The old and run down subsidized housing in my neighborhood is being replaced with new, energy efficient subsidized apartments and homes in a mixed income community. This created hundreds of much needed construction jobs, better integrates the community and allows those in subsidized housing nicer accommodations so they can live with more dignity.
On what higher education really is for . . .politicalprof.tumblr.com
politicalprof:I didn’t write this, but I wish I had. It’s from a graduating senior at the University of North Carolina. Brilliant.
BY CHRISTOPHER SOPHER
CHAPEL HILL — A poster once hung in the guidance office of my high school, comparing the type of car I would supposedly own if I went to college and if I didn’t. If I didn’t go, I would get an ancient, threadbare sedan of the sort millions of freshly licensed 16-year-olds receive from their parents. If I did go, I got an oceanfront house with two pristinely restored muscle cars in the garage.
Since I first saw that poster, I’ve come quite a way - geographically, educationally, emotionally. As a native Virginian, I’ve come to love North Carolina and its deep, abiding commitment to the promise of education, higher education in particular. But as I prepare to graduate from the University of North Carolina this weekend, I’ve grown concerned about the future of that commitment amid the confusing, competing tides of economic and political change.
My high school’s poster reflects how we talk about college to students: an investment in your future; a period of monetary cost now for great economic return later; a door to a better life. Every incoming student arrives armed with the promising knowledge that college graduates make one or two million dollars more over their lifetimes than do high school graduates. All these things are true. But they also miss the point.
Education isn’t like remodeling a bathroom or buying index funds. It’s an investment, sure, but not a strictly economic one. It’s an investment in young people, with our many fascinations and flaws and futures.
Here and on campuses everywhere, most students and faculty understand and treasure this fact, frustratingly impervious as it is to the immediate needs of our economy or our politics. I wish desperately that our public discourse would understand and treasure it, too.
I’ve never had a professor begin class by announcing the global economic importance of studying “Measure for Measure” or the long-term public benefit of knowing organic chemistry. The university has educated me for me, with the distant and difficult-to-measure hope that I one day pay forward the favor in civic participation and economic productivity.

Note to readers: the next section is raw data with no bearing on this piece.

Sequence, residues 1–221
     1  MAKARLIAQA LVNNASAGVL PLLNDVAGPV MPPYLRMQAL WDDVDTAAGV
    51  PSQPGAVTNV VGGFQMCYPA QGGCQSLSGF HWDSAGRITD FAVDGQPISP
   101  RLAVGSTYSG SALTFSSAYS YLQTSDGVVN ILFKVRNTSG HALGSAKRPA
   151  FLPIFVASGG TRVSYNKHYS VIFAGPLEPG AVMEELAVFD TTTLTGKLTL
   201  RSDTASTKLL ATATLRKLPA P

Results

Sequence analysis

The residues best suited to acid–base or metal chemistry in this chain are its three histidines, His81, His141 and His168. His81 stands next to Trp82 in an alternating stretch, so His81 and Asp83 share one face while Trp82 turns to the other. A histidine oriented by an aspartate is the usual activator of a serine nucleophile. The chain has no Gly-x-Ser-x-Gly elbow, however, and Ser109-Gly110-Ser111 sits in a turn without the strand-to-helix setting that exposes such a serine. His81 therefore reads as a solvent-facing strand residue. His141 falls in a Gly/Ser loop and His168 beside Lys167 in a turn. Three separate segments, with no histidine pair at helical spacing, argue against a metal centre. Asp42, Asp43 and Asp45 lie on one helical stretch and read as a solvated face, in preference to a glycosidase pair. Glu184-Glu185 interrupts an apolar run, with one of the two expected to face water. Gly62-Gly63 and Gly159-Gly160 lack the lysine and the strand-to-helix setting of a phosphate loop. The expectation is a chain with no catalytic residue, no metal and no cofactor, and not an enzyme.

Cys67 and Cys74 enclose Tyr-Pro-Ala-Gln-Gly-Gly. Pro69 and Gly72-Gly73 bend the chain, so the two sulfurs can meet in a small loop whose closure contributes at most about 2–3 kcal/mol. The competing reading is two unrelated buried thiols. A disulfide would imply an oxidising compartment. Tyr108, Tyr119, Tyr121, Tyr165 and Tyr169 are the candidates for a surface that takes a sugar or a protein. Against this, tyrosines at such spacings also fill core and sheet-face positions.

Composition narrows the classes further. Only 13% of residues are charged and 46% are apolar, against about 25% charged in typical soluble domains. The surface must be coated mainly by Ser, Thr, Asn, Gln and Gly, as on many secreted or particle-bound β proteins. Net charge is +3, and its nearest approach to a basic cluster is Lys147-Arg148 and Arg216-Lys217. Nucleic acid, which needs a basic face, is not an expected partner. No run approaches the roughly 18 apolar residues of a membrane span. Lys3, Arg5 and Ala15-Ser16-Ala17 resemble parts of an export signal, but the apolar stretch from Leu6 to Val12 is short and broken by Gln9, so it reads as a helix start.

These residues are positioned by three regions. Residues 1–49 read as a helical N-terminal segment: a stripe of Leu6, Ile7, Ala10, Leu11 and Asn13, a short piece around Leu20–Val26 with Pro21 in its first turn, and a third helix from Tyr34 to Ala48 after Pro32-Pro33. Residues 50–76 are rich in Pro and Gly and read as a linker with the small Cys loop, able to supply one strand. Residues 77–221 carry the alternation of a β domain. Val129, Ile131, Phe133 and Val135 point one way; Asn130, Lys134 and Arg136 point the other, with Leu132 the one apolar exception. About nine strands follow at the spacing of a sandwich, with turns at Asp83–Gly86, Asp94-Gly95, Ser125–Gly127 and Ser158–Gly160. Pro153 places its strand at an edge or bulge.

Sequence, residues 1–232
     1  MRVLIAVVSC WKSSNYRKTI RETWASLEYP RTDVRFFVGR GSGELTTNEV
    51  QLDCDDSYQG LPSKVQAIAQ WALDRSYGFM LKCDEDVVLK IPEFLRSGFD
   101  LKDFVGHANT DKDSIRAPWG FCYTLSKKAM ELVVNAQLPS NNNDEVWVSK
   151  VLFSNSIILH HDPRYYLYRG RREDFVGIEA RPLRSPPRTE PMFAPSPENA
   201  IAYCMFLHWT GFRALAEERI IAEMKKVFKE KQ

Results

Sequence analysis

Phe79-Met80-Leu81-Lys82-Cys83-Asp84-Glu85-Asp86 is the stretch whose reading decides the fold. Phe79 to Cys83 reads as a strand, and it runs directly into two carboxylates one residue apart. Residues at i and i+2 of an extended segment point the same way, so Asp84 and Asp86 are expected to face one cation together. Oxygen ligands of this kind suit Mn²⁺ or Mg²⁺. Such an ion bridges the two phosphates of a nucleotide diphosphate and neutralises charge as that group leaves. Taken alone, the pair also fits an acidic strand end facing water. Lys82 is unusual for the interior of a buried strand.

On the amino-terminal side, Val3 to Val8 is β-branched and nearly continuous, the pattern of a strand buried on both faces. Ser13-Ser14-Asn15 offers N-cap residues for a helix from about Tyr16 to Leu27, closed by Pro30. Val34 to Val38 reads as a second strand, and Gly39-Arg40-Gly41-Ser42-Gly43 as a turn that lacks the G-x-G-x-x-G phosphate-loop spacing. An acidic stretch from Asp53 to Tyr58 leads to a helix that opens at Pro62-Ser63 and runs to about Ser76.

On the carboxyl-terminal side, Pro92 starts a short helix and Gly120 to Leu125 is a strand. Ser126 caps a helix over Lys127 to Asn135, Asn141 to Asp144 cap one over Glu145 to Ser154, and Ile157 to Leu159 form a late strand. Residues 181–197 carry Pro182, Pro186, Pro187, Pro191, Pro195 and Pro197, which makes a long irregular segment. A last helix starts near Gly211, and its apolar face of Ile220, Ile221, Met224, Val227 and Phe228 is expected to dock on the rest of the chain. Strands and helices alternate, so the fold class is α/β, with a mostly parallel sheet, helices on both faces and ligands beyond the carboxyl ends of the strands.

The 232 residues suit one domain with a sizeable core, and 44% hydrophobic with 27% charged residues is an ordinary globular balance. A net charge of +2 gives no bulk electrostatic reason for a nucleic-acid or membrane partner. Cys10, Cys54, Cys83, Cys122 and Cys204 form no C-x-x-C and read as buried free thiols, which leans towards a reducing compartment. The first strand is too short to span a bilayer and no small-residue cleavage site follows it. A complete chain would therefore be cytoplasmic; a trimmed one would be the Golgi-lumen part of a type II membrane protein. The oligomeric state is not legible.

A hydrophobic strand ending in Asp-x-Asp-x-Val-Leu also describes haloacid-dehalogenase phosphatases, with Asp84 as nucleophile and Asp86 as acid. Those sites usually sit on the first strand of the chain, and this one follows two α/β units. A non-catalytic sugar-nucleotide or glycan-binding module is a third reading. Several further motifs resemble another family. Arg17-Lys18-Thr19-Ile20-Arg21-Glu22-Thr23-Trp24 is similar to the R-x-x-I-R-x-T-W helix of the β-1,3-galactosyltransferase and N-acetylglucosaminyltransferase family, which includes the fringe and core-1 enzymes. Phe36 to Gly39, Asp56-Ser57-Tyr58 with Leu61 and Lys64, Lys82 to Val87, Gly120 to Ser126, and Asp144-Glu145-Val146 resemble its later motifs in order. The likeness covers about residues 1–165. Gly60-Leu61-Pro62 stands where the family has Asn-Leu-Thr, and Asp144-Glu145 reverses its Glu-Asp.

We can’t run universities as factories, calculating the cost of inputs and the market value of outputs. People aren’t widgets. Even if they were, the human capital market will change drastically between now and the peak of students’ future productivity.
The public debate about higher education seems often to forget that between high school graduation and eventual employment as a doctor, programmer or malnourished graduate student, life moves on for students. We meet people, encounter new ideas, explore paths we’d never considered. We learn to live with and around each other. While the system is busy trying to imprint us with preparation for the “future jobs” of the moment, we are busy being people.
This fact holds the potential for a deeper education that recognizes earning a degree is about more than preparing for a career. That potential is already being tapped at many of our universities, but there is more that can be done.
There exists a great deal of data on this subject, and a great many people smarter than I debating what it means in practice. But the data tell only part of the story. The students tell the rest.
When my peers and I don caps and gowns and graduate, the remarkable thing about it won’t be that we earned degrees, or learned applicable skills or assumed unbelievable amounts of per capita debt - though all these things are true. The remarkable thing about it will be that we got the incredible chance to learn in a place of unbridled possibility. That place is more than a training facility; it’s a place that teaches the inescapable truth that we are dependent on and connected to one another in countless ways.
From North Carolina’s commitment to higher education I’ve learned many things, from public policy analysis to journalism to the proper color of fire trucks. The most important thing, though, is that education helps us to be better - as citizens, as workers, as people. From that betterment comes the economic opportunity we love to advertise.
I’m not an economist or an educator or an expert on higher education. I am simply a student, and I don’t presume to speak for my peers except to say this: the opportunity to spend a few, far too short years in such a place is an immeasurably wonderful gift. And it is one this state should continue giving, in full and always.
For that gift, taxpaying citizens who have never met me and probably never will, I thank you. Regardless of what kind of car ends up in my garage.
Christopher Sopher is a graduating senior at UNC-Chapel Hill, from Annandale, Va. He majored in public policy and political science.